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Where Our Passion for Wine & Accessories Is Shared
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About Winston's Wisdoms
Winston, the endearingly drawn gent you see raising his glass, has been the Wine Enthusiast logo for nearly 30 years—and the symbol of unsurpassed expertise in wine accessories and storage.

Winston's Wisdoms Blog is the place where our experts share their knowledge and answer some of the most commonly asked wine-related questions. It's the place where you can ask questions and share insights from your own wine experience. We welcome your feedback and invite you to offer your wisdoms to wine lovers everywhere!

The Basics of Whisk(e)y

Monday, June 8th, 2009 at 4:00:20 PM
by Erika S., Wine Enthusiast Companies

Glencairn Whiskey Glass Scotch, Whiskey and Bourbon are all grain-based spirits that can be as complex as they are rewarding and fun to learn about. Each has its own unique style but sometimes these dark potent potables are easily mistaken for one another.

Whiskey is any spirit made from distilled grain, usually barley , wheat or rye. No matter the Whiskey type, all must go through a similar process of soaking (or malting) the grain in water, fermentation, and multiple distillation to bring the spirit to a high alcohol level. From there it is often aged in oak barrels. The process sounds basic, but there is a wealth of complex decisions that the distillery makes along the way, to yield a Whiskey of a certain character.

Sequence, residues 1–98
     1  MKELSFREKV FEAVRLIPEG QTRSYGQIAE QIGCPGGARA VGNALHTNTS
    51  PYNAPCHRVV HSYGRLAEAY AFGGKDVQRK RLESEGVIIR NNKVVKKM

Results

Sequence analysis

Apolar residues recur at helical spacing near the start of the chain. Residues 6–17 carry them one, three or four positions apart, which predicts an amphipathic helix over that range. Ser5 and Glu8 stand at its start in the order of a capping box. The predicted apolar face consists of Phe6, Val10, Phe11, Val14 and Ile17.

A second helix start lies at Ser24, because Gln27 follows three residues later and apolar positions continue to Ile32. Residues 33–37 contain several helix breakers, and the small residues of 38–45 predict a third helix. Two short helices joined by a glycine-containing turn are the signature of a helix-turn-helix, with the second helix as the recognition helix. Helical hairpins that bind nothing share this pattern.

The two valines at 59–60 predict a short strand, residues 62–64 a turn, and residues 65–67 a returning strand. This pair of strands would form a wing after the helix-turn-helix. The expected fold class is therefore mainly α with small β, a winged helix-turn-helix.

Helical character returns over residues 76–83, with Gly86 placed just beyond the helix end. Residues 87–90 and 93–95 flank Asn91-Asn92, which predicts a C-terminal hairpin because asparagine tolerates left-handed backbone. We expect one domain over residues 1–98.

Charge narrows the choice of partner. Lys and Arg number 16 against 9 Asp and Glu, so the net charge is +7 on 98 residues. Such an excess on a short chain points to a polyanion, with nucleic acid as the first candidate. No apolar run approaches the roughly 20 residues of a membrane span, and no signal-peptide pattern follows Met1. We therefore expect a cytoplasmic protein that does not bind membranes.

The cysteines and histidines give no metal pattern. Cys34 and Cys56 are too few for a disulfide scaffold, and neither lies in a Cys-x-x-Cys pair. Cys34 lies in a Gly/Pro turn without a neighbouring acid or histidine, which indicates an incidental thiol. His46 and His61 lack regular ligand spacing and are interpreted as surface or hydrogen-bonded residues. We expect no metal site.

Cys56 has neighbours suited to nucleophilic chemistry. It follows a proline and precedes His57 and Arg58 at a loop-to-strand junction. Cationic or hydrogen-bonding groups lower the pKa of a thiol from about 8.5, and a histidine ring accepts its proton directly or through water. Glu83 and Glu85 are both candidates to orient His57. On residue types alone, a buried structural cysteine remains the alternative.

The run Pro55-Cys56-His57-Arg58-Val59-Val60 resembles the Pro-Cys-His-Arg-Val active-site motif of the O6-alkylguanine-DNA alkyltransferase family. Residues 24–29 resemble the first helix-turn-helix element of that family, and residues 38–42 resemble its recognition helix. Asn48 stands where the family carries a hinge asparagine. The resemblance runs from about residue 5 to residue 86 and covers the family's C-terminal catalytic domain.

Scotch whisky (note the lack of ‘e’) must be from Scotland and has its own set of rules for production, as laid out in the Scotch Whisky Act of 1988. It is made from a grain (malted barley, wheat or corn), yeast and water. When Scotch is made from 1 distillery it is called a single malt otherwise it is a blended Scotch. Scotch blending is an art and some blended Scotches are regarded as highly as the finest single malts. Scotch is usually aged in barrels that were previously used in the production of Sherry or Bourbon and must be in barrel for 3+ years. Common flavors found in Scotch include vanilla, cereal, toffee and tangerine. Another distinct one is peat, which is a sharp, smoky aroma. Peat is semi-carbonized vegetation that is burnt in the process to give that special smell.